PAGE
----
Mining and land dispossession produce new, profound inequalities within Adivasi communities, which erode their traditional egalitarian values
The Adivasi village of Karampot, in Jharkhand, among India’s most prominent coal-bearing regions, consists mostly of mud and some basic brick houses. Scattered alongside them, however, is a smaller number of much more conspicuous structures: Sizable, brightly coloured, gated concrete houses, most often with a large motorbike parking in the courtyard.
Only about a decade ago, such stark disparities in living conditions were not part of the landscape. It is all due to coal mining.
In recent years, the impact of coal and other mining projects on India’s Adivasi communities who inhabit much of the country’s resource-rich tracts has drawn significant public attention.
The problem is not only these projects’ environmental footprint. Critics point out how mining brings about large-scale land dispossession for Adivasis and leads to the pauperisation and destruction of their communities, which are traditionally reliant on access to land and forests.
But there is another, more hidden effect of mining that could spell the death knell of tribal society: New, profound forms of inequality in these communities, which fracture their very social fabric.
The case of Karampot
This was what I discovered in Karampot and the area, where I lived and did fieldwork for 18 months between 2015 and 2017. Compared to the rest of Indian society, marked by pervasive social hierarchies along the lines of caste and class, Adivasi communities are considerably more egalitarian in their structure and values.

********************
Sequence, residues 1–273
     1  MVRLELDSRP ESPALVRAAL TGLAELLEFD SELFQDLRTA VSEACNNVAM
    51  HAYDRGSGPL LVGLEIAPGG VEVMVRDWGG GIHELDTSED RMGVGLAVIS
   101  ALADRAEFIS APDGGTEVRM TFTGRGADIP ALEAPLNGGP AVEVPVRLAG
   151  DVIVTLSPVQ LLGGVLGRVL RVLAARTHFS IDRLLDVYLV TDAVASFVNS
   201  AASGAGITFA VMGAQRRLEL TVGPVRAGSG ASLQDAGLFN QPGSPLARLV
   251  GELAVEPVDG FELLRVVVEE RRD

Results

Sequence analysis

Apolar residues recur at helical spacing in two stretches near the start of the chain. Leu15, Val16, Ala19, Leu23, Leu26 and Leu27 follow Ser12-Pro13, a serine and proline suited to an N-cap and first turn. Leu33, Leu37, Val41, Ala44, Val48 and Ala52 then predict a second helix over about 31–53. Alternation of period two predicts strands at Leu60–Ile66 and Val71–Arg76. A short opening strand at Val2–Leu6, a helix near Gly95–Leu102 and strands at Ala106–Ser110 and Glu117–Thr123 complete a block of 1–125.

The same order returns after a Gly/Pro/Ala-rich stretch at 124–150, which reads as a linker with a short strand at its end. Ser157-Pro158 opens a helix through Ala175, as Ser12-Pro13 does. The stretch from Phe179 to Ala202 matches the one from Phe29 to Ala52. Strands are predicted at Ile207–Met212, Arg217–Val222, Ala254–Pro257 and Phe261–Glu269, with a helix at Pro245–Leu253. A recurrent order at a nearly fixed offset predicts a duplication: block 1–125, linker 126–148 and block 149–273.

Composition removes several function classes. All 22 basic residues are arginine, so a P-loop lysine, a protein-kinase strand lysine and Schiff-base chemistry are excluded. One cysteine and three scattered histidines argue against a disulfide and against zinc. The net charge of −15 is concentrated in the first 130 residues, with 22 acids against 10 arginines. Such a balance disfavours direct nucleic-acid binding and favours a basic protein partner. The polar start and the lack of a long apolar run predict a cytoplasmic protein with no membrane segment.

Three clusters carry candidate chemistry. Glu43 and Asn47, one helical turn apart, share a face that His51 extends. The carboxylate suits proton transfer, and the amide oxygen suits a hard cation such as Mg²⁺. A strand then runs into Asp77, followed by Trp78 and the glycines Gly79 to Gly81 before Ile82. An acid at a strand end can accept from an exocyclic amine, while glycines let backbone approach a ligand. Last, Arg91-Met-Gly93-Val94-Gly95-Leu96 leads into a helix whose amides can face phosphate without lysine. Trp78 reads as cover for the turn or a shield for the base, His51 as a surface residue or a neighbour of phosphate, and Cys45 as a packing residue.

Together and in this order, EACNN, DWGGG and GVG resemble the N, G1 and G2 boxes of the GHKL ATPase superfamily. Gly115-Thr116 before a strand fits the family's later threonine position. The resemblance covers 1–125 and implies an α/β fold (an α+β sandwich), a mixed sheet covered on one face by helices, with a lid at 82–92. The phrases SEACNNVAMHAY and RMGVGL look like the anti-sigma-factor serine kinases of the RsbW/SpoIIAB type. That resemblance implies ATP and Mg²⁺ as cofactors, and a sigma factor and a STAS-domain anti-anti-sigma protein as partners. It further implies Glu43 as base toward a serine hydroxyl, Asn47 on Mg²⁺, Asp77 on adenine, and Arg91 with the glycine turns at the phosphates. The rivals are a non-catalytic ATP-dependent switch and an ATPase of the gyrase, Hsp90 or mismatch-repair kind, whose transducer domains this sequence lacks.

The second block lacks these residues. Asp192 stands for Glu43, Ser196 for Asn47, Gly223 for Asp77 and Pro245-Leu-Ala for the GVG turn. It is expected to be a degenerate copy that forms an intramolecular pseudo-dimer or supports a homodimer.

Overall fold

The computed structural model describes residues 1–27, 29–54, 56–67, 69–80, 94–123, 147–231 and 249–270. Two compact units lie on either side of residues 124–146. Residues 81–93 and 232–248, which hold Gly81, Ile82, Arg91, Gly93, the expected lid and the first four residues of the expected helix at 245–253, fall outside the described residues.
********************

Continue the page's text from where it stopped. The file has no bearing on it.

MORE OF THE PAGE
This is reflected, notably, in low-economic differences between households, and an age-old practice of mutual labour exchange, for example, to construct and repair their mud houses. I can ask my neighbour to help me seal my house’s tiled roof before the rainy season, and I’ll help him seal his in return.
All this existed in Karampot as well, but has been steadily disintegrating since mining and dispossession entered the scene some 15 years ago. Here lies the nub of the matter: Rather than uniform impoverishment, as is often assumed, mining and dispossession have led to the emergence of social differentiation within the community, producing salient internal disparities.
Paradoxically, the culprit is a relatively generous compensation policy for land that is dispossessed for state-run mining projects. In 2008, one such project located not far from Karampot announced that as part of an expansion plan, it would be taking over the entire territory of a neighbouring Adivasi hamlet to make room for a new opencast pit.
In a village in Karampot, Jharkhand. Mining and dispossession have led to the emergence of social differentiation within the community, producing salient internal disparities. Photos: Itay Noy
For their loss of land, and after a lengthy process of negotiation with the project by local Adivasi political leaders, most of that hamlet’s residents were able to receive jobs in the colliery as assistants, as part of the existing but often poorly implemented compensation policy for dispossession.